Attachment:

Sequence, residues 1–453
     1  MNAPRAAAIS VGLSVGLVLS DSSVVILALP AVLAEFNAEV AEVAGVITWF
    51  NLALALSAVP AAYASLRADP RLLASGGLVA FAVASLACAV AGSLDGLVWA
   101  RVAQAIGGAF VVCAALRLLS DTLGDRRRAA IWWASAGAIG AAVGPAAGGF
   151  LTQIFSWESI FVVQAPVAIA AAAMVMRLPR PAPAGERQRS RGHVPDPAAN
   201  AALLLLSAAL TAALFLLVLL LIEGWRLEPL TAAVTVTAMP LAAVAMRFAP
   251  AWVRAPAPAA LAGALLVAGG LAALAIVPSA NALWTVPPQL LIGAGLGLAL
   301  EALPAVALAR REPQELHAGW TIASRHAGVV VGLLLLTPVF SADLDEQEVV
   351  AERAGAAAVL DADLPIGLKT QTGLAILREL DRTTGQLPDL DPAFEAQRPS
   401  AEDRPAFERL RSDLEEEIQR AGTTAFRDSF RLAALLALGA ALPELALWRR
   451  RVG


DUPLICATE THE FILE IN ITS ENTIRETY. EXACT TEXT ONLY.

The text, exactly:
Sequence, residues 1–453
     1  MNAPRAAAIS VGLSVGLVLS DSSVVILALP AVLAEFNAEV AEVAGVITWF
    51  NLALALSAVP AAYASLRADP RLLASGGLVA FAVASLACAV AGSLDGLVWA
   101  RVAQAIGGAF VVCAALRLLS DTLGDRRRAA IWWASAGAIG AAVGPAAGGF
   151  LTQIFSWESI FVVQAPVAIA AAAMVMRLPR PAPAGERQRS RGHVPDPAAN
   201  AALLLLSAAL TAALFLLVLL LIEGWRLEPL TAAVTVTAMP LAAVAMRFAP
   251  AWVRAPAPAA LAGALLVAGG LAALAIVPSA NALWTVPPQL LIGAGLGLAL
   301  EALPAVALAR REPQELHAGW TIASRHAGVV VGLLLLTPVF SADLDEQEVV
   351  AERAGAAAVL DADLPIGLKT QTGLAILREL DRTTGQLPDL DPAFEAQRPS
   401  AEDRPAFERL RSDLEEEIQR AGTTAFRDSF RLAALLALGA ALPELALWRR
   451  RVG